Published in The History of Parliament: the House of Commons 1790-1820, ed. R. Thorne, 1986
Available from Boydell and Brewer

Background Information

Number of voters:

about 1,000


26 June 1790WILMOT VAUGHAN, Earl of Lisburne [I]
27 May 1816WILLIAM EDWARD POWELL vice Johnes, deceased

Main Article

The county had not gone to a poll since 1741 and the tendency of the aligned county families to avert the threat of a contest by compromise again operated in this period when vacancies arose in 1796 and 1816.1 In 1790 Lord Lisburne was returned for the fifth consecutive election: since 1774 he and the family of Thomas Johnes of Hafod had been allies in county politics2 and were too strong for opposition. This came from Edward Loveden Loveden* of Gogerddan and Thomas Powell (d.1797) of Nanteos, who in 1788 united against the prevailing interest,3 but did nothing in 1790 and were unable to find a suitable candidate in 1796, when the retirement of the aged and infirm sitting Member gave them an opening. Loveden pressed his son Pryse to stand, but the latter was reluctant and, in any case, scarcely known locally. Thomas Johnes, who had decided to give up his seat for Radnorshire, came forward instead of Lisburne, whose son John Vaughan was compensated with the boroughs seat.4 Johnes had a high reputation in the county, where his chief interest lay, and a rumoured attempt to frustrate his views by putting up James Greene* came to nothing.5 Johnes was jubilant: he informed his friend Cumberland, 17 June 1796,6

Loveden seems to have completely done for himself. He has lost his own seat ... He was indifferent who came in for this county and town, provided Mr Vaughan and myself were excluded. No county ever behaved more handsomely nor has anyone ever received more personal marks of attachment, which as long as I retain, he may vent his malice, but can never carry it into effect ... Nor has any election cost so little, considering there was a sort of contest; a very few hundreds will pay for all. My opponent does not come off so cheap.

Johnes retained the seat unopposed, despite a bid ‘to raise an opposition’ to him by Herbert Lloyd of Carmarthen in 18067 and declining fortune and health, until his death in 1816 when, since he left no heir and John Vaughan was deep in debt, the dominant interest collapsed. On the other side, Powell of Nanteos and Pryse Pryse of Gogerddan had for several years been interested and both canvassed. Alban Thomas Jones Gwynne of Monachty alleged that neither of these young men was fit to represent the county. John Lloyd of Mabws, whose grandfather Richard Lloyd had represented the boroughs, was sure of support, but declined for fear of the expense of a contest. At the county meeting, 14 May 1816, both Powell and Pryse were proposed and, on a show of hands, Powell prevailed. Pryse then withdrew on the understanding that he would be supported for the boroughs seat on the next vacancy. Gwynne of Monachty entered a caveat and Lloyd of Mabws gave only a conditional support to Powell, but he came in unopposed on 27 May, having been seconded, as a demonstration of the compromise, by Pryse’s proposer.8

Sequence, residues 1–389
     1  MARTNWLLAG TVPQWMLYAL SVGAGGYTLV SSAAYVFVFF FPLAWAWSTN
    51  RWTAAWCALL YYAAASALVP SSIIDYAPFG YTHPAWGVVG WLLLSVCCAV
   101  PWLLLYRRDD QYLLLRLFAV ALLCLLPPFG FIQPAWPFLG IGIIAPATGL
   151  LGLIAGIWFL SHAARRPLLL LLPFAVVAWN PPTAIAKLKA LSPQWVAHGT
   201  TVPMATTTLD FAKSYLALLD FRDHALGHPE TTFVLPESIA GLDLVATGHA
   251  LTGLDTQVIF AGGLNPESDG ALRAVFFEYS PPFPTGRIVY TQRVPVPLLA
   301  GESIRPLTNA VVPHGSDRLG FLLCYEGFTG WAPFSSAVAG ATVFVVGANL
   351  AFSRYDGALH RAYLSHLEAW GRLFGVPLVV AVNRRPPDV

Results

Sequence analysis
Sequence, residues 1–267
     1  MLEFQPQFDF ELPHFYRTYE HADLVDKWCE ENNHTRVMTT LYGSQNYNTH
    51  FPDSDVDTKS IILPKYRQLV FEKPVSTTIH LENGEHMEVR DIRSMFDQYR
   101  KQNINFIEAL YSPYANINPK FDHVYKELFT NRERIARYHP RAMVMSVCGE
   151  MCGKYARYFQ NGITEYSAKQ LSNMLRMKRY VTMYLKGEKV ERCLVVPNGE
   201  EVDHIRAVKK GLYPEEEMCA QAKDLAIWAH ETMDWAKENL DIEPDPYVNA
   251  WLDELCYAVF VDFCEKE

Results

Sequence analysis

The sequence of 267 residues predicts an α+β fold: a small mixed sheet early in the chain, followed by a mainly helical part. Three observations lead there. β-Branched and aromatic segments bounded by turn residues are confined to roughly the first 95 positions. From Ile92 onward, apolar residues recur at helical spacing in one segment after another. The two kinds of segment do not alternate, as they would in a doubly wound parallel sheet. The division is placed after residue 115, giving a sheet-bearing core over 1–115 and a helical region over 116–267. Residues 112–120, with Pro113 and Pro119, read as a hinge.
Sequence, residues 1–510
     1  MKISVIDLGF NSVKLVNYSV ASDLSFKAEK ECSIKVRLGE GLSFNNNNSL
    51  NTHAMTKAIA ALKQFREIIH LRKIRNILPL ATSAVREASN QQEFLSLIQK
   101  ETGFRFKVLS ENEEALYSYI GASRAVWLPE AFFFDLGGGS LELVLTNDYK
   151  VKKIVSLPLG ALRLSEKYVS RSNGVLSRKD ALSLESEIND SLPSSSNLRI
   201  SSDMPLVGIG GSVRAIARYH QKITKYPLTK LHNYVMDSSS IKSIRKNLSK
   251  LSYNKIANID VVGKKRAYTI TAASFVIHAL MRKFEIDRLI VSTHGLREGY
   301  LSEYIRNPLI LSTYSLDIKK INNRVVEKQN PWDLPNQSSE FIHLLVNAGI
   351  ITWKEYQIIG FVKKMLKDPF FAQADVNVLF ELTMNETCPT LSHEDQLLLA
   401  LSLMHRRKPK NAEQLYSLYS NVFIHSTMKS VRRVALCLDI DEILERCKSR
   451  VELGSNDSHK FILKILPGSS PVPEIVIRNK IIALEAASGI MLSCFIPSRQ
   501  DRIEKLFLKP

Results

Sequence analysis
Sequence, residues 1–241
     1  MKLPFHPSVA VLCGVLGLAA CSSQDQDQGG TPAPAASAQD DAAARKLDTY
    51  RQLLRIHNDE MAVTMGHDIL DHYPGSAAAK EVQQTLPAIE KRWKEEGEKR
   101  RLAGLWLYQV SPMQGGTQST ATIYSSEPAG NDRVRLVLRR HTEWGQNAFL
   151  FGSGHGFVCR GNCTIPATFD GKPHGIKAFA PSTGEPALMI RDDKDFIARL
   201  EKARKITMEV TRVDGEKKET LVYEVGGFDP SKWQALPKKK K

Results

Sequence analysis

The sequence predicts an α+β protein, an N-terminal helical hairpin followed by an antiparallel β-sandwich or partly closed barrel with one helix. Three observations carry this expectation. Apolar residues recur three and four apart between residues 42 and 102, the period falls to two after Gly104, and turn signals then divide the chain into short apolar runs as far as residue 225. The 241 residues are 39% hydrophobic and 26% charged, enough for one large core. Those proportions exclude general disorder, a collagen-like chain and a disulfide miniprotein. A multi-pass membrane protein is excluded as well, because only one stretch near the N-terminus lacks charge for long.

A contemporary account of the by-election of 1816 by Job Sheldon of Aberystwyth runs:

as soon as the death of Mr Johnes was known Mr Powell of Nanteos commenced canvassing. Mr Pryse of Gogerddan hearing this did not wish or choose that Mr P. should walk over the [?] corn—but recommended Mr P. not to canvass but await and take the opinion of a meeting which was called by the sheriff which took place at Cardigan on Sunday last. But Mr Powell refused and said he had begun and would go on with it which caused Mr Pryse to canvass also but told his friends that he did not wish to disturb the peace of the county these bad times, which was repeated in the hall at Cardigan and in consequence of which friends of both sides interfered and proposed a compromise and after a good deal of conversation for and against, it was agreed the two candidates should toss up for it and the winner’s party should support the loser at the next general election for the borough. The toss was won by Mr Powell—but am [sic] afraid they have tossed poor Col. Vaughan [Member for the boroughs] upon the shelf—he did not appear nor no one for him.9

Powell so far established his eligibility to be county Member as to retain the seat until shortly before his death in 1854.

Author: R. G. Thorne


  • 1. R. D. Rees, ‘Parl. Rep. S. Wales 1790-1830’ (Reading Univ. Ph.D. thesis, 1962), i. 137.
  • 2. NLW, Trawsgoed deeds iii. 24, Wilmot Vaughan to Johnes, 9 Mar. 1774.
  • 3. Ibid. iii. 62, Lisburne to Lloyd of Mabws, 23 Nov. 1788.
  • 4. D. Jenkins, JNLW, viii. 179, citing Lisburne to Loveden, 14 Apr. 1796; Berks RO, Preston mss, Loveden to Sellwood, 9 May 1796.
  • 5. Carm. RO, 1 Cawdor 129, Vaughan of Golden Grove to Campbell, 19 Mar. 1795. James Greene of Stradmore was the husband of Anne Brigstocke of Blaenpant, Card.
  • 6. H. M. Vaughan, Y Cymmrodor (1925), 204.
  • 7. Johnes to — Taylor, 13 Nov. 1806, ex. inf. Maj. Herbert Lloyd-Johnes.
  • 8. NLW, Nanteos mss, Hughes to Powell, 16, 23 Sept. 1812, Edwards to same [c. Sept. 1814]; Carm. Jnl. 10, 17, 24 May; cf. NLW, Nanteos mss, Jones Gwynne jun. to Powell, 13 May; Cambrian, 4, 18, 25 May, 1 June 1816.
  • 9. NLW, Powis Castle mss 4151, Sheldon to Wilding, 16 May 1816.